CBS Tech Talk:
Google's stripped-down laptop, the Samsung Chromebook Series 5, can be purchased from Best Buy and Amazon. Are you planning on buying it? With headlines suggesting that the Chromebook is "tepid" and "works great only if you're online," leaves many on the fence.
The device (which is priced from $430 to $500) - a bargain compared to MacBooks, which start at $999 - is built and optimized for the Web. It promises a faster, simpler way to surf in a more secure experience.
Dissed by New York Times personal technology columnist David Pogue: "Chromebooks assume that you are online anywhere you go. We are not quite there yet. When you're not online, the chromebook is a three-pound 'paperweight,'" he pointed out in yesterday's column entitled "A Laptop, Its Head in the Cloud."
The future sure is off to a bumpy start.
Google has released their first Chromebook into the wild and the reviews aren't so hot. At least, not for their first stab at things. I question the idea of charging upwards of $500 for a laptop that can only use one application - the browser. You can get much more capable "netbooks" at a lower cost. That's just silliness, Google. For a company to make most of its cash via ads, it's odd that they're fine with Samsung and others to charge so high a starting price for such hardware.
Google and Apple have taken very different stances on where they see the future of computing going. Apple thinks that native Cocoa apps are their vision, while Google is perfectly fine with web apps that include their ads inside of them.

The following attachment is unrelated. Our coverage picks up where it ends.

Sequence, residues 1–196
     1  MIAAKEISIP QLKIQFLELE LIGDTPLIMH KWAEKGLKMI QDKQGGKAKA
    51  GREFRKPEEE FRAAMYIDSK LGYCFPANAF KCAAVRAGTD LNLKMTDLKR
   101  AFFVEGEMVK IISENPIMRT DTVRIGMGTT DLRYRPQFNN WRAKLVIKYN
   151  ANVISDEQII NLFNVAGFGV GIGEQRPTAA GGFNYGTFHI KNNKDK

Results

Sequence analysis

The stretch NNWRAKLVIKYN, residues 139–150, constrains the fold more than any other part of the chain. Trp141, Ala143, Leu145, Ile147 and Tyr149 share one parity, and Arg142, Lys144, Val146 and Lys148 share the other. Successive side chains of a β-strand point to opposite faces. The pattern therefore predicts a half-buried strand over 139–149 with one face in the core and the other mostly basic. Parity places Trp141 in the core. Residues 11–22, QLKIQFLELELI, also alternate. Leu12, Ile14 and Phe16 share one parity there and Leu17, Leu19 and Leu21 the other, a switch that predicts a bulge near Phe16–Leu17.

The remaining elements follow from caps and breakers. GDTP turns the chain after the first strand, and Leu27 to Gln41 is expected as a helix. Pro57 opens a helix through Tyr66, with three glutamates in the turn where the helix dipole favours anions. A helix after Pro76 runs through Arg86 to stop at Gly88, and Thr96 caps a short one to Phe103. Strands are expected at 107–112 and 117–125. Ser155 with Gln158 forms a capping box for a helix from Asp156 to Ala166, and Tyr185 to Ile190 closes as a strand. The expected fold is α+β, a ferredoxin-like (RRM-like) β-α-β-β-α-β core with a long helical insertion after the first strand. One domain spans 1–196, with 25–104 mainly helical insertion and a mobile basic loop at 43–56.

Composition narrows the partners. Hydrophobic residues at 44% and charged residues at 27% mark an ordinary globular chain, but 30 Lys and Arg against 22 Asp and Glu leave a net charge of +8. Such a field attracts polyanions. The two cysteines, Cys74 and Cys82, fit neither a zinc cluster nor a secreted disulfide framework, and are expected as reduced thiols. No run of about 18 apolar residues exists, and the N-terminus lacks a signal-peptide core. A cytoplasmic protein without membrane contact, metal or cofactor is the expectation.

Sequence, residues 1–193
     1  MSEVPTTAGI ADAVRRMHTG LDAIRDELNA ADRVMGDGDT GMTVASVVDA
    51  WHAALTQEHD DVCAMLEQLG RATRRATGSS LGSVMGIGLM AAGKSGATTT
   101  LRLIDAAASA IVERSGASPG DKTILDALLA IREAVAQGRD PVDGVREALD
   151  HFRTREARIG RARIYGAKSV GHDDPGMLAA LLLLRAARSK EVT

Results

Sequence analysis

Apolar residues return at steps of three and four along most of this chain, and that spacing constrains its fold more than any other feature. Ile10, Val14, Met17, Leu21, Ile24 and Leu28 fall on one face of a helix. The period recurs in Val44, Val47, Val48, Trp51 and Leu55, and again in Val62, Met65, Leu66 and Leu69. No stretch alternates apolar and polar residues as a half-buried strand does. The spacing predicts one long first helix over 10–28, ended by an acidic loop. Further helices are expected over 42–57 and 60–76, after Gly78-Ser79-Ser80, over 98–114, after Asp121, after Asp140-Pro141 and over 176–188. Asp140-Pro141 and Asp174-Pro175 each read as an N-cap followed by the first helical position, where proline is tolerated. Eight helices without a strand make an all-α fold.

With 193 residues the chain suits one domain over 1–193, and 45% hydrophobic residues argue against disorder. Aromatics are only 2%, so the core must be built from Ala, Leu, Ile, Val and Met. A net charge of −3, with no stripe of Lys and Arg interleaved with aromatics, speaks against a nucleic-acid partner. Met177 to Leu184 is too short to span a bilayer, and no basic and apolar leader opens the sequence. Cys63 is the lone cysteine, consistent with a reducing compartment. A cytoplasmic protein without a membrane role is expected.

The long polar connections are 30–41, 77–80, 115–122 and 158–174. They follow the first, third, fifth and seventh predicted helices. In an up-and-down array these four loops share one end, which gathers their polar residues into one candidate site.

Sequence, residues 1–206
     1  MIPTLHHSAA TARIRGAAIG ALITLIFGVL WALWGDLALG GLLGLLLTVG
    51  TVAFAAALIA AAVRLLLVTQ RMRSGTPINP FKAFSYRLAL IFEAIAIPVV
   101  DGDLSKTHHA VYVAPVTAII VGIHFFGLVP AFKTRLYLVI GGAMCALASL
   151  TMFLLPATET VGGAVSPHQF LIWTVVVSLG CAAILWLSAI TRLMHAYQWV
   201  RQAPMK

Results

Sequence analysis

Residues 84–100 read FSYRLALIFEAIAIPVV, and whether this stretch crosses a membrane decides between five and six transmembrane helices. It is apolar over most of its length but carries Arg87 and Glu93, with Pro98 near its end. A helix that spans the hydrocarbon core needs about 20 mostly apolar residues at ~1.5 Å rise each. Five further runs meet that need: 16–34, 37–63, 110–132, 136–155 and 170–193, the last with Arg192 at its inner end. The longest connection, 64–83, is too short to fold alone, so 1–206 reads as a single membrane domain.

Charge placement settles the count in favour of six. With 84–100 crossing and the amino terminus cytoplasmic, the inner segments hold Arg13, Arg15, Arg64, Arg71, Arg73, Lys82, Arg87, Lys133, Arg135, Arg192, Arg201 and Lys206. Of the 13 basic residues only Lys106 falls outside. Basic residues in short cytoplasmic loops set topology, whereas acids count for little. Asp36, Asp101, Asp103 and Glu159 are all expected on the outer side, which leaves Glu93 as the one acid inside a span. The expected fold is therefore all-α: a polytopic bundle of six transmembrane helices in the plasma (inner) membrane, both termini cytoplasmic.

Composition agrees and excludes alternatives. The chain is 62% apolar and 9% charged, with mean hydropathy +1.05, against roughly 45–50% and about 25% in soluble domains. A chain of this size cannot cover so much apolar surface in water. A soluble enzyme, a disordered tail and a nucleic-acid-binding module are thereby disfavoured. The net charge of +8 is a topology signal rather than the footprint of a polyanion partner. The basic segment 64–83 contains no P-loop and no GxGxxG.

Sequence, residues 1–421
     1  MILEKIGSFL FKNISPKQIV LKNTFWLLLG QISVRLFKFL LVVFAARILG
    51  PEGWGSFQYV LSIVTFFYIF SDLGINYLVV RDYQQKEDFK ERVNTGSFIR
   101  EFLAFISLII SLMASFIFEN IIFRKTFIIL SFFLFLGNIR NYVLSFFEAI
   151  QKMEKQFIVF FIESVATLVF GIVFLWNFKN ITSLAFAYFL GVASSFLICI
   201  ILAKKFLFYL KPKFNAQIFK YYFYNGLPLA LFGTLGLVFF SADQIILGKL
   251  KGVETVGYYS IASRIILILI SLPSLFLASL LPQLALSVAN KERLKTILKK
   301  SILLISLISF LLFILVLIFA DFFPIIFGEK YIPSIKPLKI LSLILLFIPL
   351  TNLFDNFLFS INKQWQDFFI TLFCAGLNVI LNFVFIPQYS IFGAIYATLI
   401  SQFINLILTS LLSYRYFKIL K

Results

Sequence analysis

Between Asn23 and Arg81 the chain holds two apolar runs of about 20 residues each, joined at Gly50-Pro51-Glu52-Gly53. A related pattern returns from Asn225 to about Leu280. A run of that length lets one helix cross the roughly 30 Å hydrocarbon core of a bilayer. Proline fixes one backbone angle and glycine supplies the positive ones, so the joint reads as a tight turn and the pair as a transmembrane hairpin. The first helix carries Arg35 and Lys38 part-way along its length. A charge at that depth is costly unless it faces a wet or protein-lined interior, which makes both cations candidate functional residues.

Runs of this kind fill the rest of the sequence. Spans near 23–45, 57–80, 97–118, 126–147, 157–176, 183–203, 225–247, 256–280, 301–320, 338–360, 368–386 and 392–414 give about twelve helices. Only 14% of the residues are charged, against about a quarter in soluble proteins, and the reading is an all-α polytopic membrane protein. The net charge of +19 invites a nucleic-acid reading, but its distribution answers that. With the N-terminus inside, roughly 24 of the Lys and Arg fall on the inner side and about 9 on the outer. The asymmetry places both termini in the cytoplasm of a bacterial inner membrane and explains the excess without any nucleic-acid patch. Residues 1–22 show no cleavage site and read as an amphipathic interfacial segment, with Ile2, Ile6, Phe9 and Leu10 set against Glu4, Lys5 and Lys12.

Without being locked into Apple's iOS and Mac operating system, the majority of enterprise users could very well fit into Google's vision of computing, but things haven't started off in an ideal manner.
(this article first appeared on Technorati.)
Apple® CEO Steve Jobs and a team of Apple executives will kick off the company’s annual Worldwide Developers Conference (WWDC) with a keynote address on Monday, June 6 at 10:00 a.m. At the keynote, Apple will unveil its next generation software - Lion, the eighth major release of Mac OS® X; iOS 5, the next version of Apple’s advanced mobile operating system which powers the iPad®, iPhone® and iPod touch®; and iCloud®, Apple’s upcoming cloud services offering.
Notice how I didn't end that title with "change the enterprise game"? Not a fan of "gamechanger". Not saying "gamechanger" is the new gamechanger.
But let's get serious here, folks. Apple is set to reveal plans for their iOS 5 software in a few weeks which will include details regarding their iCloud suite of cloud services. Is it possible that this could turn the enterprise field on its head?
I started using an iPhone for work email way back in 2008. It was a different era back then. People were still using Windows Mobile. Those same people were using a stylus to type and thought that I was a witch for laughing at them. I was nearly burned at the Frappuccino machnine, er, stake.